Post emancipation labour problems


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Post emancipation labour problems

  1. 1. Migration
  2. 2. Post Emancipation Reasons for Labour Problems:
  3. 3. <ul><li>Many ex- slaves refused to enter into an employment relationship with their former enslavers. </li></ul><ul><li>Ex-slaves could now move around and choose employers, as well as where and when and on what terms they should work. </li></ul><ul><li>In the larger islands such as Jamaica ex-slaves left the plantations and settled on empty land and formed “free villages”. </li></ul><ul><li>Development of peasantry - this was small scale farmers who owned their land and produced most of their food and items for sale. </li></ul>
  4. 4. <ul><li>Trinidad and British Guyana (had a large amount of unused land) were relatively new British colonies and suffered from a shortage of labour. </li></ul><ul><li>Many skilled workers took up jobs in the town such as : shopkeepers, carpenters fishermen etc. </li></ul><ul><li>There was also a strong desire for education as a means of escape from agriculture or manual labour. </li></ul><ul><li>Many planters believed that their labour problem was because of a scarcity of cheap, reliable estate labour caused by the flight from the estates. </li></ul>
  5. 5. Solutions to the Labour Problem <ul><li>Planters solutions to the labour problem were: </li></ul><ul><li>Migration </li></ul><ul><li>Importing Indentured labour through various Immigration schemes. </li></ul>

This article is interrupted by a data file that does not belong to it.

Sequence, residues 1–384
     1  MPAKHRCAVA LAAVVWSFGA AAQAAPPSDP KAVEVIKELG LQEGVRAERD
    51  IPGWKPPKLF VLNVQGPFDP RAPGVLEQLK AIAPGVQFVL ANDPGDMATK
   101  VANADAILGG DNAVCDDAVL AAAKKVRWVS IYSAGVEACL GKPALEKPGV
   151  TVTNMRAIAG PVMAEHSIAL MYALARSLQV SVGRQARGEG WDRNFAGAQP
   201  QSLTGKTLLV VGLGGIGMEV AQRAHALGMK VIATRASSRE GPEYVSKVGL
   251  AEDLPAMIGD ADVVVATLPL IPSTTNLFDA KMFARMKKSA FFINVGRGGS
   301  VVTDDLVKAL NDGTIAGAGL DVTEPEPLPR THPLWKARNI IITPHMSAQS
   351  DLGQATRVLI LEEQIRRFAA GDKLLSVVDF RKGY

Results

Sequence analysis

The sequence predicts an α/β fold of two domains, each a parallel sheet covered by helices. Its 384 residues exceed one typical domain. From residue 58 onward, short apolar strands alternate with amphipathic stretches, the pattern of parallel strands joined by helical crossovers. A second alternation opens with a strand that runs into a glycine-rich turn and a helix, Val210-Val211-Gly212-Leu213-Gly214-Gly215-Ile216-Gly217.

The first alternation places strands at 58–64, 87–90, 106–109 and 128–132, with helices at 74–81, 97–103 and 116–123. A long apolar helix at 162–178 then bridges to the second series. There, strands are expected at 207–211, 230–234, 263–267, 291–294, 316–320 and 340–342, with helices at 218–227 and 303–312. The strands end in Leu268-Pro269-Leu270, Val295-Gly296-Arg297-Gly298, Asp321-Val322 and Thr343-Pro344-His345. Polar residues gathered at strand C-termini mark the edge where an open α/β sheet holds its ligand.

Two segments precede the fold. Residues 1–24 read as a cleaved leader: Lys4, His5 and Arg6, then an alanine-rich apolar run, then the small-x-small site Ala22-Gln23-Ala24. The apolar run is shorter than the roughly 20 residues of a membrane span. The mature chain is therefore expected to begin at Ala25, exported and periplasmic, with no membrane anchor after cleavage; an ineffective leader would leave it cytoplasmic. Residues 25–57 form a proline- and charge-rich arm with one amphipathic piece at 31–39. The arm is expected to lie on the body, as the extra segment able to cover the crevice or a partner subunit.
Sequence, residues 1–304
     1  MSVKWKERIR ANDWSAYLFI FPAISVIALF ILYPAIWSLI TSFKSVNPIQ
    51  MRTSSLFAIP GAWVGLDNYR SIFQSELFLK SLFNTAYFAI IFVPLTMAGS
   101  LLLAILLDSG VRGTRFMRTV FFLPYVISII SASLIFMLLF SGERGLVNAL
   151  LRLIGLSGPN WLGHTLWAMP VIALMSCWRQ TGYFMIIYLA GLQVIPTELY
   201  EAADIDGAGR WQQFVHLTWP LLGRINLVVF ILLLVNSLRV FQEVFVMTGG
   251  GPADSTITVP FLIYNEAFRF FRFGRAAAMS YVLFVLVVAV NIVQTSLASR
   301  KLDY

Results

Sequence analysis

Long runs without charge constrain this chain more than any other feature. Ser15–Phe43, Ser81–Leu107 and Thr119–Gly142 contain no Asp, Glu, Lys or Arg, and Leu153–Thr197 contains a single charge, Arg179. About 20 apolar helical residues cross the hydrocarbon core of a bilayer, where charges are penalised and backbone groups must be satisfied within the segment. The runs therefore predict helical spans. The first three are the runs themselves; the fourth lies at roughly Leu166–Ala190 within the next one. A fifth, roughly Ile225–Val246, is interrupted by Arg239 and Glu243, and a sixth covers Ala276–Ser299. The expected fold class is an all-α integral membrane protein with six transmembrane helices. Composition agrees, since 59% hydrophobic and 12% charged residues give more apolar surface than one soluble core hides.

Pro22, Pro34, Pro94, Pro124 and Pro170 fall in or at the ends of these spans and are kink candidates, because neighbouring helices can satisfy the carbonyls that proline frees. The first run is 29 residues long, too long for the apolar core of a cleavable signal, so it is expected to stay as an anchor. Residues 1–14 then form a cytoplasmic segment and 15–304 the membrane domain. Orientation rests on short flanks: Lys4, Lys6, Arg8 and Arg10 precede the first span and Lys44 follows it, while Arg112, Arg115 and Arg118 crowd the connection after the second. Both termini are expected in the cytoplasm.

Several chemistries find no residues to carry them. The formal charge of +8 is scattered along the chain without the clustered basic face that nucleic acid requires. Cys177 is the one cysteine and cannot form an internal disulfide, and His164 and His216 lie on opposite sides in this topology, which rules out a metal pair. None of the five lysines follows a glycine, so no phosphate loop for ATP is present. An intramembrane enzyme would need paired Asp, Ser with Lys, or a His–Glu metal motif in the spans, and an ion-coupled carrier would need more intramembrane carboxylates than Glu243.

6. 6. What is Indenture Labour? <ul><li>This is where a labourer is under contract to an employer for a particular period of time. </li></ul>
  7. 7. What is Immigration? <ul><li>This is the migration of a person or group of people into a country where they were not born in order to settle there </li></ul>
  8. 8. The Aims of Immigration <ul><li>To provide the planters with a steady supply of labour. </li></ul><ul><li>To balance the Black- White ratio, if they could encourage white immigration. </li></ul><ul><li>To encourage competition for jobs </li></ul><ul><li>(immigrants and ex- slaves) thereby lowers wages. </li></ul><ul><li>To maintain the sugar economy or even expand and increase its production. </li></ul><ul><li>To provide labour in colonies where there was unused land </li></ul>
  9. 9. Black Migration
  10. 10. Inter- Island Migration
  11. 11. <ul><li>Reasons for inter- island migration: </li></ul><ul><li>Better wages -Some Caribbean islands offered higher wages than others eg.Trinidad and Guyana offered between 24 and 32 cents a day as compared with 12 and 13 cents offered in the Leeward Islands. </li></ul><ul><li>Easy Assess – Many moved because of the how close the islands were located in relation to their home island. </li></ul><ul><li>Availability of land -Many moved to islands where there was land available to establish residence. </li></ul>
  12. 12. Problems with Inter- Island Migration <ul><li>Like the ex-slaves the immigrants preferred to be peasant farmers or settle in towns and did so as soon as they could. </li></ul><ul><li>Planters complained that immigrants were disobedient, rude and disrespectful. </li></ul><ul><li>Many countries did not want to lose their labourers and passes laws opposing labourers from migrating e.g.. The British Virgin Islands passed a law banning all recruiting agents from Trinidad and Guyana who were trying to recruit their islanders. </li></ul>
  13. 13. North American Migration
  14. 14. Reasons for Migration <ul><li>Many blacks escaped from the south American plantations and moved to the north were they were free. </li></ul><ul><li>They were attracted to the warm climate of the Caribbean. </li></ul><ul><li>Approximately over 1000 black Americans came to the Caribbean most of them became craftsmen and did not work on the estates. </li></ul><ul><li>North American Migration was not successful </li></ul>